Industry as a whole supplied 32% of Honduras's GDP in 2000, and employed 21% of the work force. Manufacturing has traditionally been limited to small-scale light industry supplying domestic requirements.
Assembly plant operations developed in the 1970s, especially after a free-trade zone was established in Puerto Cortes in 1975. San Pedro Sula is the center for matches, cigars, cigarettes, cement, meatpacking, sugar, beer and soft drinks, fats and oils, processed foods, shoes and candles. Tegucigalpa has plants for the manufacture of plastics, furniture, candles, cotton textiles, and leather. The country has also established a well-known apparel assembly industry in the maquiladora sector, which employed over 125,000 workers in 2001. As of 2002, Honduras was the second largest exporter of maquiladora items to the US market.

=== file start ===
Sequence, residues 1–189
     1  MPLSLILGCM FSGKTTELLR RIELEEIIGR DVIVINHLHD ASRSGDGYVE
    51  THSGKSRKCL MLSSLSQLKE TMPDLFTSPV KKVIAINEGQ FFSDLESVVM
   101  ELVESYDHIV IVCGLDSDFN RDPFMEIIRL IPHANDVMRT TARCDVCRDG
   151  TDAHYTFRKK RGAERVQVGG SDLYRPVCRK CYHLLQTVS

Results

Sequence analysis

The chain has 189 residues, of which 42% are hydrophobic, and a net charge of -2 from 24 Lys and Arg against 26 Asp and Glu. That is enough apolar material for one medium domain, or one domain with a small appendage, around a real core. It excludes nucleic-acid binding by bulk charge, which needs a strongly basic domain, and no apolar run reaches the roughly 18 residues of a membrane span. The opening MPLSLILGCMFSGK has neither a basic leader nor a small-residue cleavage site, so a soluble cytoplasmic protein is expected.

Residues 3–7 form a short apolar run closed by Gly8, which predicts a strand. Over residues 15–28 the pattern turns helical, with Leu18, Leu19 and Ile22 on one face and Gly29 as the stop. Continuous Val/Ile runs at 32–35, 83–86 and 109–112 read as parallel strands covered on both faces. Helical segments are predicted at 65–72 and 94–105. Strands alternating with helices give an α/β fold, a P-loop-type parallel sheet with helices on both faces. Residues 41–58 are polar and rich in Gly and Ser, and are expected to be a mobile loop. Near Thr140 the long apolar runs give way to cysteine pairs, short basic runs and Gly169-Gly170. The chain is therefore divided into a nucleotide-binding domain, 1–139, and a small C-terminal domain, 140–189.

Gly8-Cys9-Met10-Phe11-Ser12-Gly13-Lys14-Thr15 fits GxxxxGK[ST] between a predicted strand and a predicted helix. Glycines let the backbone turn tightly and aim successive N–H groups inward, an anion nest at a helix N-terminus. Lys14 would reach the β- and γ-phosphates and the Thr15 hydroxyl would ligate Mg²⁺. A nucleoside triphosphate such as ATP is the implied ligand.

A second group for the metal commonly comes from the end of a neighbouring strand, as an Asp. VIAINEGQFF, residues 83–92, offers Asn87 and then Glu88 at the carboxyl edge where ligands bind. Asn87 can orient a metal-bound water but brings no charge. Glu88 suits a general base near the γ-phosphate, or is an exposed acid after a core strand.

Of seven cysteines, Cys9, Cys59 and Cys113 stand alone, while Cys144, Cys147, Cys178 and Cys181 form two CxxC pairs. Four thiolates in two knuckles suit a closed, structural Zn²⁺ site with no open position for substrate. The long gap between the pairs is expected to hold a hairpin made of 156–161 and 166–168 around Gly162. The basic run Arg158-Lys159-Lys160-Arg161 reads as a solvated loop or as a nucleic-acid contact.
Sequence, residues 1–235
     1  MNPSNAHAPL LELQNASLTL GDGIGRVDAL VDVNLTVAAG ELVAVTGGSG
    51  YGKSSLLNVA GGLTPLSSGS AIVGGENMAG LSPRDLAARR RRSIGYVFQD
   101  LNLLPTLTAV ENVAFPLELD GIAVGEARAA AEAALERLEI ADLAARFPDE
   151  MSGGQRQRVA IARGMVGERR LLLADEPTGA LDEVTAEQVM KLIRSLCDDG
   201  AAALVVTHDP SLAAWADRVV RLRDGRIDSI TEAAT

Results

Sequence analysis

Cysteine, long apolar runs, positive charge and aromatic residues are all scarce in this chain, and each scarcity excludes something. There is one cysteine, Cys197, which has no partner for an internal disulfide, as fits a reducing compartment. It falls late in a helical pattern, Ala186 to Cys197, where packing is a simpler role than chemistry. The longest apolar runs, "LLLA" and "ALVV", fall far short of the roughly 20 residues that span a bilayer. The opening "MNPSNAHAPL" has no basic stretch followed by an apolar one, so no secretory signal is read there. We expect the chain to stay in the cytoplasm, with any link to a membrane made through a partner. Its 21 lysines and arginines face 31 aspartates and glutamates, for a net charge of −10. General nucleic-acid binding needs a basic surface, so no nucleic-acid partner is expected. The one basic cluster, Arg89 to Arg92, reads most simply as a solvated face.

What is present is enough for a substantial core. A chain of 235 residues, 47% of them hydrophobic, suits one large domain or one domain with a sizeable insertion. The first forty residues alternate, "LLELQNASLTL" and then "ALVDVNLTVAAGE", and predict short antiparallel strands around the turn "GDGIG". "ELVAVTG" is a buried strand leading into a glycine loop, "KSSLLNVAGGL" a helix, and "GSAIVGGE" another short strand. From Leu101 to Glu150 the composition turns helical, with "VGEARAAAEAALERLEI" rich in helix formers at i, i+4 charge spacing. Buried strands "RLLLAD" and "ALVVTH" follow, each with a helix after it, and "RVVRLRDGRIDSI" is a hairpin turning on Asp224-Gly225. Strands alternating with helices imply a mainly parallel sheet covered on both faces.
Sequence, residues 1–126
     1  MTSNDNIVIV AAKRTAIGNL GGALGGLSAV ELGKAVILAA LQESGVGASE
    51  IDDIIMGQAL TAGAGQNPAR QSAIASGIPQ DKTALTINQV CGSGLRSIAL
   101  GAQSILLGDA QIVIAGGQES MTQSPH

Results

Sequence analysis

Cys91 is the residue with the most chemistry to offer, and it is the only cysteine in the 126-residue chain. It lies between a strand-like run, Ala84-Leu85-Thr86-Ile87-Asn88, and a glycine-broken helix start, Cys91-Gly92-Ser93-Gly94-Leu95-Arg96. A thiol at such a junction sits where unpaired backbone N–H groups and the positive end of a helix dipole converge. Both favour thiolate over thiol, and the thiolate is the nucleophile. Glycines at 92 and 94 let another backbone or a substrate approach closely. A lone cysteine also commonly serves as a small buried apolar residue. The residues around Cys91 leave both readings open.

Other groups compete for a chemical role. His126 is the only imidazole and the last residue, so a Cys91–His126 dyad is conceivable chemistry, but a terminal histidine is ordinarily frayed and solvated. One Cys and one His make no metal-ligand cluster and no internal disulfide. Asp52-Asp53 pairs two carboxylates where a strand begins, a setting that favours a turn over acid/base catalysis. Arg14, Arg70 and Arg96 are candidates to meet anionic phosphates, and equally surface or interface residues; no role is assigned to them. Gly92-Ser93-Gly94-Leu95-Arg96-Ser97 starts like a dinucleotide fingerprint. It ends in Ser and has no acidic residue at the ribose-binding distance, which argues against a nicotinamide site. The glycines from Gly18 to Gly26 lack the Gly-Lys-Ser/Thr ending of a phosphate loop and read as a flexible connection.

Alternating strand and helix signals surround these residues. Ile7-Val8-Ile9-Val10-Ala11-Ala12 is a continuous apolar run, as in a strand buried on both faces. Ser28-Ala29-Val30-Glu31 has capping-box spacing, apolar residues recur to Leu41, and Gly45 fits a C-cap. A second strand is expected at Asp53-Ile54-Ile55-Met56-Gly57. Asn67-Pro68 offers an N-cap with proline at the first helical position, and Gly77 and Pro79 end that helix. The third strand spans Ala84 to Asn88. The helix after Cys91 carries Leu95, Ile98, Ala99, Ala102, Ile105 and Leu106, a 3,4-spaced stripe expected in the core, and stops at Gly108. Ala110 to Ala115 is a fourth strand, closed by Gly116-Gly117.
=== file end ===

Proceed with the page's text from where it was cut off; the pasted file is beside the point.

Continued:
Production in the manufacturing industry, mainly of nondurable goods, has realized significant growth in the late 1990s and into the 2000s. The largest growth has been seen in the construction sector, which rebounded after the destruction wrought by Hurricane Mitch in 1998. The electric, gas and water sectors gained almost 9%. However, in 1999 a fire temporarily closed the Cajon hydroelectric plant that had supplied 40% of the country's electricity. The electronic distribution system was privatized in 2000.